To keep our people safe we're still running a limited phone service. Our call centre teams are still very busy helping vulnerable customers and those with emergencies like a loss of electricity or gas.
If you need to submit a meter reading or pay your bill – that’ll definitely be faster online. Or if you need help from one of our colleagues but don’t want to wait in a queue, then drop us an email on firstname.lastname@example.org.
Most people are aware of the energy price caps which came into force in 2019, but not many people have a good understanding of what they are and how they work. We’ve put together this comprehensive guide to answer all your burning questions.
The aim of energy price caps is to ensure consumers pay a fair price for the energy they use. Specifically, they set a maximum price that energy suppliers can charge per unit of energy. It’s important to note that the cap isn’t on your energy bills, which will differ depending on the amount of energy you use. It’s actually a rate cap, meaning that the price per unit must stay below a set amount to prevent energy companies overcharging customers. The price cap cannot limit your overall bill – this will depend on how much energy you use.
In early 2019, a new price cap was rolled out by the energy regulator, Ofgem. For people on default tariffs, as of 1st January 2019 the cost of electricity is capped at 17p per kWh and gas is capped at 4p per kWh. In April 2019, the cap is set to rise by 10% due to increased wholesale costs for the energy suppliers.
The government introduced a price cap on energy to make sure that people who prepay for their energy or who are on poor-value ‘default’ tariffs pay a reasonable price for their energy. It is intended to protect consumers from being overcharged. If energy suppliers’ costs become cheaper, the cap is designed to ensure these savings are filtered through to consumers. On the other hand, if suppliers’ costs increase then the price cap ensures that any price hikes felt by consumers are justified and within a reasonable limit.
Every energy supplier must comply with the price cap, you don’t need to do anything for it to apply to you. If you are on a poor value tariff, such as a ‘standard variable’ tariff (SVT) or default tariff, your bills will automatically be decreased in line with the cap. You can contact your energy supplier to find out more information specific to your tariff. Your energy supplier must also always contact you in the event that your tariff changes in a way which could potentially disadvantage you, or if they are ending your tariff.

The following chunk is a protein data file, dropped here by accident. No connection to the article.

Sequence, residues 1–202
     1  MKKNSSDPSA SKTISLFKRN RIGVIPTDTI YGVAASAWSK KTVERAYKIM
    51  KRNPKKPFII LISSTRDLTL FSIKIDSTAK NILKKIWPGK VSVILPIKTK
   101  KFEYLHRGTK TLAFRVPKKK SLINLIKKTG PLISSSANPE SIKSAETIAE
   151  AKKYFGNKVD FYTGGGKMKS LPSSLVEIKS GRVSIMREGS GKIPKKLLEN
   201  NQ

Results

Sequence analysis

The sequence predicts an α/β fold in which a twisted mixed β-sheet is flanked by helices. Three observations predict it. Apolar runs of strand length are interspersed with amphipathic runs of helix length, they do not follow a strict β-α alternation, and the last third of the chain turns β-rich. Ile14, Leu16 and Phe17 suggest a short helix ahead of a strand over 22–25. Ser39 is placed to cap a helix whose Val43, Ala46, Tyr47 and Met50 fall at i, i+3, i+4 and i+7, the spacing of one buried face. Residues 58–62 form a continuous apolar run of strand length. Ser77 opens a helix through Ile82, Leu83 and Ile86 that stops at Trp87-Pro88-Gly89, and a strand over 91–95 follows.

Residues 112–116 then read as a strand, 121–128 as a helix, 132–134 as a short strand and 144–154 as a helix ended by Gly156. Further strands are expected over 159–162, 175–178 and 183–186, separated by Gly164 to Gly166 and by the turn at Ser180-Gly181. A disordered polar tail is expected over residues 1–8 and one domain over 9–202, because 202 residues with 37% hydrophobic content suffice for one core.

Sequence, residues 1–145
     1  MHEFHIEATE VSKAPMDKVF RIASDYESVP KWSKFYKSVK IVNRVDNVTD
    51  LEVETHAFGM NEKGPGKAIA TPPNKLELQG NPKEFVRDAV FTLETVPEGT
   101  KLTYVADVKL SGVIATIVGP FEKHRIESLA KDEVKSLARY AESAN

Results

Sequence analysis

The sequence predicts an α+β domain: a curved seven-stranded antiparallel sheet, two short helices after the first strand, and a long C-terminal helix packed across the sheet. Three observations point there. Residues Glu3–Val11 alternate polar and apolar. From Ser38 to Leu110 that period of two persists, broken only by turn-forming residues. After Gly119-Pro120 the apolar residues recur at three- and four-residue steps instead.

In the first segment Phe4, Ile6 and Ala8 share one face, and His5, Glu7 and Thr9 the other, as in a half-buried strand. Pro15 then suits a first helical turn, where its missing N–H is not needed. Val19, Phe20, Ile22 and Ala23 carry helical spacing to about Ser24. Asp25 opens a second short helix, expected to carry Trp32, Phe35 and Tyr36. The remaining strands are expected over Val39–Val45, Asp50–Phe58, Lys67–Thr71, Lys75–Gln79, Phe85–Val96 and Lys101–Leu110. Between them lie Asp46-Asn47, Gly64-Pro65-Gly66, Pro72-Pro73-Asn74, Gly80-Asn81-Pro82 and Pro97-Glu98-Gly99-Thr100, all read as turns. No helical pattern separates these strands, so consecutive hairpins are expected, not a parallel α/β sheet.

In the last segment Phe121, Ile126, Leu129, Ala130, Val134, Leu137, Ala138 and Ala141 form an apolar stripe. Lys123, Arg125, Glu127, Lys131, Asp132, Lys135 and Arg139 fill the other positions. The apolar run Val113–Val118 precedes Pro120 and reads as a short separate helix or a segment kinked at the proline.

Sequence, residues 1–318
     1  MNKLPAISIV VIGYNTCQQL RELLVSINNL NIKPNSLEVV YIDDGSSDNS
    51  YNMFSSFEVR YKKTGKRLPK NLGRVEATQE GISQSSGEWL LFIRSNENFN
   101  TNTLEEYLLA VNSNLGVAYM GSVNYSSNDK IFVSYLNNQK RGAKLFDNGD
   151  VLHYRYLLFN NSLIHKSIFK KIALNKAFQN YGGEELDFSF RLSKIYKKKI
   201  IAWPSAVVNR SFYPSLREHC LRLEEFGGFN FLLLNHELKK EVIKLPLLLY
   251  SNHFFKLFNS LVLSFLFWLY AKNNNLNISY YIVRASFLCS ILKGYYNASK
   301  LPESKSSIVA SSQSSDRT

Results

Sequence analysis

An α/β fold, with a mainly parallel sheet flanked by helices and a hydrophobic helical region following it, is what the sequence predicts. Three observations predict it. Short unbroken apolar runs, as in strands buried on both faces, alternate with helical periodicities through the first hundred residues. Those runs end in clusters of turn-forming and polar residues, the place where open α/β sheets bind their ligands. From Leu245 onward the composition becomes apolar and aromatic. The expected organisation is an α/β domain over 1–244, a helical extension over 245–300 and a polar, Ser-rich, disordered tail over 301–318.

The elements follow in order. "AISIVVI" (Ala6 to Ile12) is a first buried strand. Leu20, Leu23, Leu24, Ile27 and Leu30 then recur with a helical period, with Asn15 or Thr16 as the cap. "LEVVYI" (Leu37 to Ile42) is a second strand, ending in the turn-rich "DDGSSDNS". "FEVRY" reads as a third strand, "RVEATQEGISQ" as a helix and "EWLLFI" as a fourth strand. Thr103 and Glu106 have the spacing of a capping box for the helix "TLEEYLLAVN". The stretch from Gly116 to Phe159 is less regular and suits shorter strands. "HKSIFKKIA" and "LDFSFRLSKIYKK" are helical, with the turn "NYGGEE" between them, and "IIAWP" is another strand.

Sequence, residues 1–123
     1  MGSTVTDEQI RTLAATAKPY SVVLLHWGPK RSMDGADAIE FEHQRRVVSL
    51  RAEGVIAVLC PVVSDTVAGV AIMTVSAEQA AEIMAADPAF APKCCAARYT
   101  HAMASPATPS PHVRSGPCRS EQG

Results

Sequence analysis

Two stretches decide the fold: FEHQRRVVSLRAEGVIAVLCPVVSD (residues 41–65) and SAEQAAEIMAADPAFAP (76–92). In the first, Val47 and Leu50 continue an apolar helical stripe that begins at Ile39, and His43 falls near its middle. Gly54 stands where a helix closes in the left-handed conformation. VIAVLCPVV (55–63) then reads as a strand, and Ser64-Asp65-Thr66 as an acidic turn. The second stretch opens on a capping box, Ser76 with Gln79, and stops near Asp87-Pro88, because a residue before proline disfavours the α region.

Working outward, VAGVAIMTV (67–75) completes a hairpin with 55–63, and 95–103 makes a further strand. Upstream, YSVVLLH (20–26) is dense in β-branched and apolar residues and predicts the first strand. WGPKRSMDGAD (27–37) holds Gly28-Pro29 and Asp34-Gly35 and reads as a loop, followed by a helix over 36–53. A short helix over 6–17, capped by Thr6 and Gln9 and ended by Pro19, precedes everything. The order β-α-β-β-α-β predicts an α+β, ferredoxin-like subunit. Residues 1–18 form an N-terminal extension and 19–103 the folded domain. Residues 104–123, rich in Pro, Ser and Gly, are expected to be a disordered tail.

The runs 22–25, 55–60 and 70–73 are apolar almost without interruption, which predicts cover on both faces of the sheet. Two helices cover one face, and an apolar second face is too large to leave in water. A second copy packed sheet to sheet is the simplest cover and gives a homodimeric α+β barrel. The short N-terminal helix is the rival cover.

In these situations, they will need to explain:
The energy price cap is reviewed regularly and will be adjusted in April and October. In 2020, Ofgem will review how the price cap has affected the energy market and the government will decide whether or not to continue using price caps for another year. Ofgem has estimated that the ‘prepayment’ price cap will last until 2020, with the default tariff cap likely running until 2023.
The regulator has stated that by then it expects other measures such as a more efficient switching service, smart meters, and industry advancements to contribute to better deals, thus removing the need for any price caps.
While Ofgem publishes the level of the current price caps for different types of tariffs on its website, your energy supplier will be able to give you details specific to your tariff. Your tariff cap will depend on several factors including where you live, the type of meter you have, and how you pay. It’s worth noting that paying by direct debit will usually save you more money.
When you move house, the property’s energy supplier will usually use a ‘deemed contract’ from the day you take ownership of the property. This is to make sure that the property will continue to receive power even though the occupancy is in flux. A deemed contract will usually be either a ‘standard variable’ tariff (SVT) or a default tariff – neither of which tend to be good value. However, if this is the case, you will continue to be protected by the energy price cap. Alternatively, if the property is currently using a prepayment meter you will be protected by the prepayment meter price cap.
You should contact the property’s energy supplier on the first day of ownership to find out the details of the current tariff, and make sure that you’re getting the best deal. Even though the price caps limit the charges from SVTs/default tariffs, it’s likely that there are other tariffs available which will save you more money.
While the energy price cap is a good measure and is designed to help consumers not to be ripped off, it’s important to make sure you are on the best energy tariff for you. Default tariff are rarely a good deal so if you haven’t checked yours in a while then make sure to shop around. Robin Hood Energy has a wide range of well priced tariffs, so there’s something for everyone.
Switching energy supplier is a very easy process and takes a matter of minutes. Comparison websites give a good overview of the tariffs available that meet your needs. All you’ll need to know is your postcode, your current energy supplier, and your current energy tariff. You can also use Robin Hood Energy’s switching tool to get a quote and find out how much you could be saving on your energy bills.